A version of this article was previously published on the Learn Liberty blog.
As the American Revolution began, Americans rebelled to liberate themselves from a tyrannical king, but in their enthusiasm for their newfound freedom, they set up ineffective governments. For instance, they denied the federal government the power to tax, trusting the state legislatures to pay their share of the war costs.
Americans gave their state legislatures too much power and the governors too little. In turn, the people voted irresponsible legislators into office. The result: legislatures started gobbling up executive power, further concentrating it in their hands.
These imbalances made it onerous to fight the British and became even more problematic after the existential crisis of the war had passed. Many states suffered through economic stagnation. Legislatures enacted a litany of new regulations, only to change them soon after, creating chaos and confusion. The federal government could not pay its debts or its armed forces, leaving natives and the British in Canada free to accost settlers on the frontier. And states made conflicting treaties with European powers, increasing an already tense relationship among the newly formed union.
James Madison thought something radical had to change in order to save the fledgling nation. He saw the need to reach back to British roots and create institutions that strengthened the federal government and weakened the state governments. This reflected his Burkean understanding of constitutionalism: old laws have a power that constantly changing laws cannot.
While Madison knew the institutions had to be republican, that did not stop him. He simply changed the definition of republicanism. Previously, many would have said that the people have to participate in legislating as they did in ancient Athens or ancient Rome (what we now call direct democracy). Madison claimed that any representative government and any level of suffrage counted as a republic in the modern age.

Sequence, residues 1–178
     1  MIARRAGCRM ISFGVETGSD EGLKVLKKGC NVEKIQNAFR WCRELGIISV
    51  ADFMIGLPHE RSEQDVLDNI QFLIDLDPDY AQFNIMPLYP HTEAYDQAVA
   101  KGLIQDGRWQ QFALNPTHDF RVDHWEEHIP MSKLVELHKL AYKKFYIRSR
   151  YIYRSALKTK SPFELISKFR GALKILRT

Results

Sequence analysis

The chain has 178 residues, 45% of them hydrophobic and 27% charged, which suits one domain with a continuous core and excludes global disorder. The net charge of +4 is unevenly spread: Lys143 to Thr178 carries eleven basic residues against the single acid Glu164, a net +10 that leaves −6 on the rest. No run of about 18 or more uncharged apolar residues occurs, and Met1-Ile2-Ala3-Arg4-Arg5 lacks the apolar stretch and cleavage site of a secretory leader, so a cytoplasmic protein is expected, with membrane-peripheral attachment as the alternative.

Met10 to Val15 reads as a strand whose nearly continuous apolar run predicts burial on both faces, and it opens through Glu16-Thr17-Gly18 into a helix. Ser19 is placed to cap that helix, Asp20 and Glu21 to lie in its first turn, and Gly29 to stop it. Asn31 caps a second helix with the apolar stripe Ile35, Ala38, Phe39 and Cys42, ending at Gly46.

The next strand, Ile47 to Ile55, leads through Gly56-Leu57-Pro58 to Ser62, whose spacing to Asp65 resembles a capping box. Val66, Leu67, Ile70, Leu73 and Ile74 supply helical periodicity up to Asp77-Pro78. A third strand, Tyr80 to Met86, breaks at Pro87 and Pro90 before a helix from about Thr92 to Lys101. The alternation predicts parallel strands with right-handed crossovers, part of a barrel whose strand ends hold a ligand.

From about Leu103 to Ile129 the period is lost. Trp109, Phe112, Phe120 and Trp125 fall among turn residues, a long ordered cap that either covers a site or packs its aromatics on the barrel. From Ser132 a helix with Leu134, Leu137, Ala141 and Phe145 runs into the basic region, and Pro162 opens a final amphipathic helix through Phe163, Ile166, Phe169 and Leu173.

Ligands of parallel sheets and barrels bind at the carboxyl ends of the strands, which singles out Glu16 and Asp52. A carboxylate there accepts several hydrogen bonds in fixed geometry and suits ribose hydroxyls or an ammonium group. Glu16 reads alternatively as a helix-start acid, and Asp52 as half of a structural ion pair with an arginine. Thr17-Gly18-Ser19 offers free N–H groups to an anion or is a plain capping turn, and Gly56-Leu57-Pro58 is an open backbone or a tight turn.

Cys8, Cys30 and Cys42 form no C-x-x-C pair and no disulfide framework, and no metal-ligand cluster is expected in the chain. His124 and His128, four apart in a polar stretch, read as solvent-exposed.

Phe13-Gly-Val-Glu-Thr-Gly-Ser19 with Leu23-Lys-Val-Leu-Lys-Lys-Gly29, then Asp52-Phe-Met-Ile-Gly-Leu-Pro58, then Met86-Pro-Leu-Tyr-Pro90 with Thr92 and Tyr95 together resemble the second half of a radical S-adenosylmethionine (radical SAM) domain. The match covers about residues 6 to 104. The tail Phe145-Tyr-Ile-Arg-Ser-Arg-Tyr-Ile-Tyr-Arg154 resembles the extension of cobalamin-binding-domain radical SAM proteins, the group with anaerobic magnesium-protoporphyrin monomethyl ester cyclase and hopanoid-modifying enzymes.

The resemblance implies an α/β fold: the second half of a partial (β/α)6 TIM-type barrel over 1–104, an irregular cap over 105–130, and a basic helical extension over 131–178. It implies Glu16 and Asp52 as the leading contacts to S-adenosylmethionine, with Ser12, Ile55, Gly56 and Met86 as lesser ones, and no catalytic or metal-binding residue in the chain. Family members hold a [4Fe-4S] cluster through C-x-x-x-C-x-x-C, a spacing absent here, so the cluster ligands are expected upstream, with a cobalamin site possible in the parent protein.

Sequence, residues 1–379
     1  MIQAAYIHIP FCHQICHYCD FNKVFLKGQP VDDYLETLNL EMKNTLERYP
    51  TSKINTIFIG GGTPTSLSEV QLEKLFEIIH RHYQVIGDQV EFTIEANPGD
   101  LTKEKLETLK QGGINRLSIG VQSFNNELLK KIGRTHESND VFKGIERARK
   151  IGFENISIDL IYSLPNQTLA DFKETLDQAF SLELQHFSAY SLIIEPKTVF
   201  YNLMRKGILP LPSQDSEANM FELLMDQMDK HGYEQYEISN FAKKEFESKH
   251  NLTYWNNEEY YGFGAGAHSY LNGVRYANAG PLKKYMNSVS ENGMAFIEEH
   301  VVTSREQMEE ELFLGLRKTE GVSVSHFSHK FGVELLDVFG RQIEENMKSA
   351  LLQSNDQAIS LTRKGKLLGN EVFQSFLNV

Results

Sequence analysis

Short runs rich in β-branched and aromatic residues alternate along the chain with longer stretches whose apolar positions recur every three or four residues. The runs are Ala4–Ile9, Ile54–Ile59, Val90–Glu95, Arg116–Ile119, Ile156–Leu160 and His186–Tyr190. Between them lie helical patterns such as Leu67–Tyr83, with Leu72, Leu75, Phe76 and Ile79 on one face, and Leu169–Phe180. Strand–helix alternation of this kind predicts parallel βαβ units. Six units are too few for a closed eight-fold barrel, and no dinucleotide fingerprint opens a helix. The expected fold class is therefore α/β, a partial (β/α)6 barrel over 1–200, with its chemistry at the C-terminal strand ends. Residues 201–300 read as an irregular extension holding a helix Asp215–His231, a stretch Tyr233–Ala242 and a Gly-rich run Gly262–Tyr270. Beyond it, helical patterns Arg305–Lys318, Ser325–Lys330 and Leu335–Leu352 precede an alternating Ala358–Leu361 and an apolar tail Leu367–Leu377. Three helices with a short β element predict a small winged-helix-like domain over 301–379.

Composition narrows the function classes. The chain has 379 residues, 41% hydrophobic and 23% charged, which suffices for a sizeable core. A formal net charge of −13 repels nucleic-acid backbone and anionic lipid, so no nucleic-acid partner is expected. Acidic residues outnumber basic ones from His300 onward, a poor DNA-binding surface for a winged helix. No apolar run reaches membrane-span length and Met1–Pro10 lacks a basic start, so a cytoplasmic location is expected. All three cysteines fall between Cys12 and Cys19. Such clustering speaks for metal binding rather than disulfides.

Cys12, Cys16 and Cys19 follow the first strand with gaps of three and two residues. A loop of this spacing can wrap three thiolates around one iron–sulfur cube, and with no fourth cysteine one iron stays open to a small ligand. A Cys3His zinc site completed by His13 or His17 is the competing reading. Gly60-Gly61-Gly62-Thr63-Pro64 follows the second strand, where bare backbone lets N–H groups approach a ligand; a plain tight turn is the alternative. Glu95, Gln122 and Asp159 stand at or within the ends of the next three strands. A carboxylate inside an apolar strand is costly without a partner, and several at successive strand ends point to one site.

Opposing Madison’s approach, Thomas Jefferson embraced the political turmoil of the early USA. He was a strict Lockean contractarian who thought that the people are the “only legitimate fountain of power,” so the people’s representatives should have a great deal of power to change laws — including the power to call a constitutional convention.
Madison wrote Federalist 49 in an attempt to convince Jeffersonians of the value of stability. For Madison, laws had to endure in order to have full effect:
“It may be considered as an objection inherent in the principle that as every appeal to the people would carry an implication of some defect in the government, frequent appeals would, in great measure, deprive the government of that veneration which time bestows on everything, and without which perhaps the wisest and freest governments would not possess the requisite stability.”
Madison endorsed an enduring Constitution over the volatility associated with a more purely contractarian form of democracy that would require a constant recurrence to the people. He followed Burke’s rationale to a certain extent, seeing a need to maintain stability, forsaking some liberty to avoid the turmoil of rebellion.
From Jefferson’s perspective, however, rebellions and tensions demonstrated the health of a nation. He scoffed at the alarm caused by a small uprising in Massachusetts, Shays’s Rebellion, claiming: “A little rebellion now and then is a good thing, and as necessary in the political world as storms in the physical.”
Jefferson took a more Lockean view, seeing the social contract as the only legitimate source of power for the government. He even went further than Locke, saying that “the dead have no rights” over the living. For that reason, every 20 years — which was a generation in the 1800s — the nation should have a constitutional convention allowing the “right to choose for itself the form of government it believes most promotive of its own happiness.”
We see in these radically differing opinions the two constitutional paths the United States had laid before it: one Burkean and one Lockean. The ultimate decision to take the Burkean path provided the United States with long-term stability. It did, however, come at the cost of a more Lockean version of liberty.
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Edited by Russell Coates
This piece solely expresses the opinion of the author and not necessarily the organization as a whole. Students For Liberty is committed to facilitating a broad dialogue for liberty, representing a variety of opinions.